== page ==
Jump to Navigation | Jump to Content
American Bar Association

Litigation News

Prosecutorial Misconduct Leads to Dismissal of Broadcom Criminal Charges

By Henry R. Chalmers, Litigation News Associate Editor – February 11, 2010

Rarely does a judge’s ruling literally leave a trial lawyer breathless. That was the impact, though, of a stunningly forceful and unequivocating ruling, in United States v. Ruehle, read aloud recently from the bench by District Court Judge Cormac Carney, condemning gross prosecutorial misconduct and acquitting Broadcom’s founder and an ex-CFO of criminal charges.

As one of the defense attorneys struggled to tell Judge Carney after the ruling: “I’m in a dangerous position, a lawyer who is breathless. I really—My breath is taken away because [this] truly is a turning point, I believe, that will be heard throughout the country.”

The ruling is garnering attention within certain segments of the legal community, both for its impact on judicial use of supervisory authority and as a warning to prosecutors and litigators of all types when dealing with key witnesses.

History of the Case
Ruehle was one of a series of cases prosecuting alleged stock-option backdating at Broadcom. The case had already made headlines once before. Last year, the Ninth Circuit affirmed Judge Carney’s prior ruling that a corporate officer’s statements to counsel representing both him and his employer are not protected by the attorney-client privilege. SeeAttorney-Client Privilege Issues Continue to Challenge Corporate Internal Investigations.”

This time, Judge Carney used his supervisory authority to throw out most criminal charges due to prosecutorial misconduct. “The cumulative effect of that misconduct has distorted the truth-finding process and compromised the integrity of the trial,” Judge Carney found.

Prosecutorial Misconduct
The court found that prosecutors had violated the defendants Sixth Amendment rights by having intimidated and improperly influenced key witnesses.

For example, when one witness refused to cooperate with the government, prosecutors contacted her employer and caused her to be fired. They also subjected her to 26 “grueling interrogation” sessions, during which they sought improperly to mold her testimony.

Another witness, whom the court described as “a brilliant engineer and a man of incredible integrity,” was forced to submit to 30 interrogation sessions and ultimately was coerced into an “unconscionable plea agreement” pursuant to which he would “plead guilty to a crime he did not commit and pay a ridiculous sum of $12 million.”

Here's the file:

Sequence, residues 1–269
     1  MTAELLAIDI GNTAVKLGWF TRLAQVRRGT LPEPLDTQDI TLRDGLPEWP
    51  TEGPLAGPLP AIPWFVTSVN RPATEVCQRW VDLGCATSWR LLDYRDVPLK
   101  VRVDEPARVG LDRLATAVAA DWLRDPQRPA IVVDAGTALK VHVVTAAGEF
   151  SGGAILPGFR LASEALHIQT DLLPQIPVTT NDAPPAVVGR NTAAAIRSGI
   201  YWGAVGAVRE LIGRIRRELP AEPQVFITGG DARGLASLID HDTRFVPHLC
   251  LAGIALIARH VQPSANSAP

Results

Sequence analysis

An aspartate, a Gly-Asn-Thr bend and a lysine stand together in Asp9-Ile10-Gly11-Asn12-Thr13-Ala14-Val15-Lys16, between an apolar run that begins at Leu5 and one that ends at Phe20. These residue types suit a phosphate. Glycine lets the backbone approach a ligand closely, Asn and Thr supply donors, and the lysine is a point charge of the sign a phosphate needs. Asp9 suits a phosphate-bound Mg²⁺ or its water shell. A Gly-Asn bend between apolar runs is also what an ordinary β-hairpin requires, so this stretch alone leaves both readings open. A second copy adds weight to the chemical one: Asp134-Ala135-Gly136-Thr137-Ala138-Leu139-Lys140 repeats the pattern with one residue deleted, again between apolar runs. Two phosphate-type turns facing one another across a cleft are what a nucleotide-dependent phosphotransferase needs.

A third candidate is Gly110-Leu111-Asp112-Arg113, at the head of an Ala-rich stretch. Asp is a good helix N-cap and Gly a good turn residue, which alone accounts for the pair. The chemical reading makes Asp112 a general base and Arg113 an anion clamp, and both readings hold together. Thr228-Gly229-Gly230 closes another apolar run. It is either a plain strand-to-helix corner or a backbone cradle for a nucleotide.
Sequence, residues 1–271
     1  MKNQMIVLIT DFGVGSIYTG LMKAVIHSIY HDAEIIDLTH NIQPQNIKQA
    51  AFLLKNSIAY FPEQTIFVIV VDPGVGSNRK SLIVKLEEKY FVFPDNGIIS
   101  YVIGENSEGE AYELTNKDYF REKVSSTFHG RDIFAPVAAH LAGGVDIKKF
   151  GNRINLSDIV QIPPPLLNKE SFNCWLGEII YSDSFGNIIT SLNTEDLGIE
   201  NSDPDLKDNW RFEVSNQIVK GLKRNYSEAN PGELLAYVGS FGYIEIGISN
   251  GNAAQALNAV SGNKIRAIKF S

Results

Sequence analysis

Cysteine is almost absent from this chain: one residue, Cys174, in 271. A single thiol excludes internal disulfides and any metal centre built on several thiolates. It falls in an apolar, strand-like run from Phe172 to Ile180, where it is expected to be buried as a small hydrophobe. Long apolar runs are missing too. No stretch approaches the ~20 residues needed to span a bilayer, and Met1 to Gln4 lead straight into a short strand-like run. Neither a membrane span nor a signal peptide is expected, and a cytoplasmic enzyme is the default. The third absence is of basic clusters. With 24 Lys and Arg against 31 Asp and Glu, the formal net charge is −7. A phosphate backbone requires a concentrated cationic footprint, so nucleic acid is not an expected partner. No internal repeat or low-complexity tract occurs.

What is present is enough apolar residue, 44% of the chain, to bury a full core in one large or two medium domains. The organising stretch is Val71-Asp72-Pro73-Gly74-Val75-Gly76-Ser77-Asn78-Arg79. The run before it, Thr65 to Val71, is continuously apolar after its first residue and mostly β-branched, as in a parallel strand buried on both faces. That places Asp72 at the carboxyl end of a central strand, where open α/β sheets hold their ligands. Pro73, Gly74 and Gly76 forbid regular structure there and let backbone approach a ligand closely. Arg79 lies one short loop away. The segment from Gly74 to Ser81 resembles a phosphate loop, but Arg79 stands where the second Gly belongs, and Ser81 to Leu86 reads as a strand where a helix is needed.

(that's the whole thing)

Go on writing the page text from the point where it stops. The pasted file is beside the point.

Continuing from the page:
Prosecutors even threatened to issue a grand jury subpoena to the 13-year-old son of one defendant and force the boy to testify against his father.

Analysis of the Decision
“This is an extremely unusual decision,” says Prof. Bennett L. Gershman, New York, chair of the Ethics and Professionalism Subcommittee of the ABA Section of Litigation Criminal Litigation Committee.

When asked whether we might be witnessing the beginning of a trend, Gershman acknowledges that “we have seen a handful of cases in the past year in which judges used very strong language to castigate federal prosecutors for serious misconduct.”

Stacey Gottlieb, Phoenix, cochair of the Section’s Criminal Litigation Committee, sees the ruling as reflecting “the court’s concern that there was an effort here to win at all costs regardless of the truth and regardless of justice.”

“Ultimately, the prosecutor’s goal, purpose, and function is to do justice. That does not always mean win,” Gottlieb reminds.

“Intimidation of witnesses is a very under-explored area of the litigation process,” according to Bruce Green, New York, cochair of the Section’s Research Fund Task Force and former cochair of the Section’s Ethics and Professionalism Committee.

“Intimidation of witnesses takes place outside the public view and is hard to capture,” Green notes.

“Given the amount of discretion given to prosecutors,” there are few specific standards guiding their conduct, Green observes.

In Ruehle, “it was not the individual actions of prosecutors, but rather the cumulative effect of misconduct that distorted the truth-seeking process and compromised the integrity of the trial,” Green opines.

Green cautions, however, that “there is certainly no clear line about how many missteps make up a constitutional violation.”

Note: Judge Cormac Carney will be a panelist for a program at the Section’s Annual Conference in New York on April 22, 2010, entitled “Ethical Pitfalls—What Every Civil Practitioner Needs to Know About Criminal Issues in Civil Litigation.”

Keywords: Criminal litigation, ethics, Ninth Circuit

Related Resources
  • » United States v. Ruehle, No. SACR 08-00139-CJC (C.D. Calif. December 15, 2009).
  • » Berger v. United States, 295 U.S. 78 (1935).


Be the first to comment.


We welcome your comments. Please use the form below to post.

Copyright © 2017, American Bar Association. All rights reserved. This information or any portion thereof may not be copied or disseminated in any form or by any means or downloaded or stored in an electronic database or retrieval system without the express written consent of the American Bar Association. The views expressed in this article are those of the author(s) and do not necessarily reflect the positions or policies of the American Bar Association, the Section of Litigation, this committee, or the employer(s) of the author(s).

Back to Top